Electricity pricing inquiry: One year on
One year ago today the Australian Competition and Consumer Commission (ACCC) released the Retail Electricity Pricing Inquiry (REPI) Final Report. With unprecedented information gathering powers, the ACCC spent 15 months analysing the evolution of the competitive electricity market over the preceding decade.
The ACCC made 56 recommendations based on the gathered evidence that they considered would fundamentally improve the operation and efficiency of all parts of the supply chain, and would deliver lower prices for consumers.
The ACCC advised that if all the recommendations were implemented, residential and small business consumers would be looking at a 20-25 per cent reduction in their electricity bills. Given customers were screaming out for relief, all stakeholders were committed – it was time to analyse the recommendations, consult heavily, and implement a package of structural reforms to deliver the identified benefits.
So how have we done 12 months on? Of the 56 recommendations made, just five have been implemented in their entirety, and it could be said that those weren’t done in the manner the ACCC recommended. There are a few in train, but by and large, the recommendations have not progressed in a year. While bills have not increased, the vast majority of customers are no closer today to cheaper bills than they were on 11 July, 2018. The recommendations went significantly further than ‘removing the loyalty tax’ and the need for ‘big sticks’. We need to start considering the root causes of why energy bills remain high.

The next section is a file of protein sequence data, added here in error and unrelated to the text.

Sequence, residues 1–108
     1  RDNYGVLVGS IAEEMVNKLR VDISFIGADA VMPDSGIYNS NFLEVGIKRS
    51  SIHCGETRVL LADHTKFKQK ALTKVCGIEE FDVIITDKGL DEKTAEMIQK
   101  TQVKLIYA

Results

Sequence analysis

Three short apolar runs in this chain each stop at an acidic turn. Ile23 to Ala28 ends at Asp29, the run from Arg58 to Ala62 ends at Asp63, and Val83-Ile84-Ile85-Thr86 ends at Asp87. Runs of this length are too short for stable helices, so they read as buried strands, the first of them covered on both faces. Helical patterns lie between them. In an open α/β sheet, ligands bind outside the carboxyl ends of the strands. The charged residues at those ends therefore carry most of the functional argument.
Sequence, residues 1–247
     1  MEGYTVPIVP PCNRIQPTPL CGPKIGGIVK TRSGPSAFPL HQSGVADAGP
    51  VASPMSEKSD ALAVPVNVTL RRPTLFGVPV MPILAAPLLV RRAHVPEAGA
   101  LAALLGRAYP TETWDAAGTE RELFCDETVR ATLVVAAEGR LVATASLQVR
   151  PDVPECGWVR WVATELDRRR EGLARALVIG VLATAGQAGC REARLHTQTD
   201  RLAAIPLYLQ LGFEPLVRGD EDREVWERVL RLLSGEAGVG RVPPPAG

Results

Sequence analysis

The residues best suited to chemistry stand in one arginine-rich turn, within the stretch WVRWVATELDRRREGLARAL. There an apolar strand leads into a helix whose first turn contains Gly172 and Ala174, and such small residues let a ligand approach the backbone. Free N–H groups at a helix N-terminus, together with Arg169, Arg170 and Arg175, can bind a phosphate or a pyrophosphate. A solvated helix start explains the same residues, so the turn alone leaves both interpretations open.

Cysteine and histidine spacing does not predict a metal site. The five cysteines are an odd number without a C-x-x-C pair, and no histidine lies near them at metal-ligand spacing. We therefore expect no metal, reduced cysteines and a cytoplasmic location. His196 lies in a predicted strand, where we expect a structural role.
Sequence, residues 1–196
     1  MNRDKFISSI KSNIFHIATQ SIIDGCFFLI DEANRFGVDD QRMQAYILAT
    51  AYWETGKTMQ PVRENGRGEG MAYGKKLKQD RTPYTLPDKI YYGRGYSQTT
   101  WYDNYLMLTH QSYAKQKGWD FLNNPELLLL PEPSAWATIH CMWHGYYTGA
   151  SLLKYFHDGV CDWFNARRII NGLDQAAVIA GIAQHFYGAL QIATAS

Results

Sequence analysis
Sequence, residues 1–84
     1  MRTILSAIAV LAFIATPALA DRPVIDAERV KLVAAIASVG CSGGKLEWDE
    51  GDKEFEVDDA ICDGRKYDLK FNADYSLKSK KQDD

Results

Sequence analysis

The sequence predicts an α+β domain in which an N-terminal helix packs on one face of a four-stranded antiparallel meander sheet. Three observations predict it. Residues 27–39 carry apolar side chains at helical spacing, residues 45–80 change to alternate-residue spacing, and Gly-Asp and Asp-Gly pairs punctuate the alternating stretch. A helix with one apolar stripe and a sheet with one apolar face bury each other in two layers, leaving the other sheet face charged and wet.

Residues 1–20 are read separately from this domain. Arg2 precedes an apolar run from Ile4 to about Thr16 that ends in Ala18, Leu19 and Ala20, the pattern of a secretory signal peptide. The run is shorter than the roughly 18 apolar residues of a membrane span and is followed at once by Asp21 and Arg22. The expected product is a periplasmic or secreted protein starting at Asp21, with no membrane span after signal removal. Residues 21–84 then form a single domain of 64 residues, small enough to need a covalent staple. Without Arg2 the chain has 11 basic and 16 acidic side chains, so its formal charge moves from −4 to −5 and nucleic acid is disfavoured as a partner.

The challenges so far
One of the challenges of dealing with the 56 recommendations has been the vast array of bodies the ACCC felt needed to act. Too many parties creates problems of continuity and momentum. This spread of interested parties isn’t a problem of the ACCC’s making – the electricity market has long had difficulties dealing with what are essentially a set of interacting state-based rules. The ‘harmonisation’ of the National Electricity Market (NEM) effectively requires each state to implement identical instruments to deliver a single regulatory framework. Increasingly complicating matters is the role of the Commonwealth. Historically the Commonwealth has acted as a shepherd for the NEM, corralling what are often the divergent views of the states to achieve broader harmony. Unfortunately, over the past 12 months, harmony is probably not the first thing you think of when assessing the electricity market.
So it is perhaps unsurprising that policy makers have had difficulty progressing the recommendations. When we look a little more closely, the clear issue holding us back is vested interests, and non-negotiable agendas.
There were a few recommendations that met the sword remarkably quickly. Nobody in the sector needs to be reminded why Recommendation 5 – that governments commit to developing and implementing the National Energy Guarantee (NEG) – is no longer being progressed. Similarly, a number of the recommendations would have cost state governments considerably, with suggested write-downs, asset restructures, and enhanced concession arrangements having stark impacts on budgets[i]. In its first report of its ongoing inquiry into the supply of electricity in the NEM released in March this year, the ACCC noted the lack of progress in some of these areas and will continue to monitor their impact on costs[ii].